Not my mail!
November 21, 2005 2:35 PM   Subscribe

Someone is forwarding his mail (and his organization's mail) to me.

I rent a post office box. For whatever reason, someone else in the same town, who also has a post office box at a different post office, put in a forwarding order which specified my post office box as a destination. Mail for an organization he runs/belongs to also gets forwarded to me.

After I got a notice saying that I had to have all users of the box on file with the post office, I brought this to the attention of the postmaster, who took back the mail I got that day, and it stopped for a couple weeks. I left town for a week, and when I returned, my box was full, mostly with this guy's mail.

I've just been blacking out the delivery address, circling the return address, and writing "RETURN TO SENDER" on these pieces of mail and putting them back into the postal system. (I already tried just crossing out the address on the forwarding label and writing "INCORRECT FORWARDING ADDRESS", but all that did was cause them to send me the same mail with another label slapped on.) Also disturbing is the one piece of mail I got with the other guy's name and my address—no forwarding label—which seems to indicate that people are picking up (falsely) that he can be reached at my P.O. box.

I'm surprised that the forwarding party hasn't fixed the problem, since they haven't gotten (among other things) a couple of bank statements, several checks, and something from Sweden. (No, I haven't opened any of the mail.)

I have no contact information for this guy other than his old address, and if I write to that, I'll just get it back. And frankly, I don't particularly want to contact him.
posted by oaf to Grab Bag (12 answers total) 1 user marked this as a favorite
What's your question? That's a pretty long quesiton without containing a question mark. I'd guess you question is "How do I stop this?"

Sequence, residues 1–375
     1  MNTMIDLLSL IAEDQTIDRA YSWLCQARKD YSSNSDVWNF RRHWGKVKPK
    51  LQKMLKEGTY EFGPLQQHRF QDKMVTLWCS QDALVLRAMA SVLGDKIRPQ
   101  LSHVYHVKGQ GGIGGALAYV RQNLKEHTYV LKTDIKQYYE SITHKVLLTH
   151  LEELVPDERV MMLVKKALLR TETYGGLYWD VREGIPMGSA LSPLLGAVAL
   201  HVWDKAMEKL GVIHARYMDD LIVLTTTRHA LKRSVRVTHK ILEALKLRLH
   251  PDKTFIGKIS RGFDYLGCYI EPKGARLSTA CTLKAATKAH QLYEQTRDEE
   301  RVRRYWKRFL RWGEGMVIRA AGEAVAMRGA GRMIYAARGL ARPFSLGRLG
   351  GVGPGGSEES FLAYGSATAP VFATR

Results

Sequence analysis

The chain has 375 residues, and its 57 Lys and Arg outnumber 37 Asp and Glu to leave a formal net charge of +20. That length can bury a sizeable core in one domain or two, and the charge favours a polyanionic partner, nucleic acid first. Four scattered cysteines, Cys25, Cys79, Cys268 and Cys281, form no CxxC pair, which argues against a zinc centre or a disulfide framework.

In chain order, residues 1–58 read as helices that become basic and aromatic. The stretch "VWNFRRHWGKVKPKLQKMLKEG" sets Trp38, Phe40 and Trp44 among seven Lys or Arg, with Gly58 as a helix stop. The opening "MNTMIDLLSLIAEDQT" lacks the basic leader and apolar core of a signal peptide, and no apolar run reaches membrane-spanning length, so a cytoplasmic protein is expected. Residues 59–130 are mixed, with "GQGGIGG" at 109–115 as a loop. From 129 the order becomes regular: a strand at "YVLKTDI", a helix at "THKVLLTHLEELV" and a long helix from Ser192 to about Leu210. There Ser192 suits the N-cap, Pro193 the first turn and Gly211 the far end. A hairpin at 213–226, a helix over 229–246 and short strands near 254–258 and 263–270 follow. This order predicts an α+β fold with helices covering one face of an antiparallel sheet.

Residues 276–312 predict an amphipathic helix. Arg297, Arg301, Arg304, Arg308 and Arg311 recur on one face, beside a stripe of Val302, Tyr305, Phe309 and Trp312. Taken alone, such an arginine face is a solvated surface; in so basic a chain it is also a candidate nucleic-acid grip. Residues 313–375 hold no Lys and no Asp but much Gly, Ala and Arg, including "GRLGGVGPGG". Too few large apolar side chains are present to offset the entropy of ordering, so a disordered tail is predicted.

My experience with the post office would be: keep bringing it to the attention of the postmaster until it's fixed. Ask if there's anyway they can cancel the forwarding since it's clearly being forwarded to an incorrect address. Keep crossing off the address and returning to sender. Also, it should stop in some number of months, since the post office will only forward mail for so long. It appears to be up to 12 months for a temp. forwarding order, but I recall a limit of 6 months when I moved last.
posted by skynxnex at 2:43 PM on November 21, 2005

Fill out a forwarding slip for this person, from your P.O. box address to his old address, if you have it; if not, forward it to the address of the main post office in your town.

Then, dump all of the old mail, with your address blacked out, into a mailbox.
posted by weirdoactor at 2:44 PM on November 21, 2005

Also: the USPS Customer Service Line - 800-275-8777
posted by weirdoactor at 2:45 PM on November 21, 2005

Response by poster: Yes, I would like it to stop.

weirdoactor: Won't that just cause them to send the mail in circles?
posted by oaf at 2:46 PM on November 21, 2005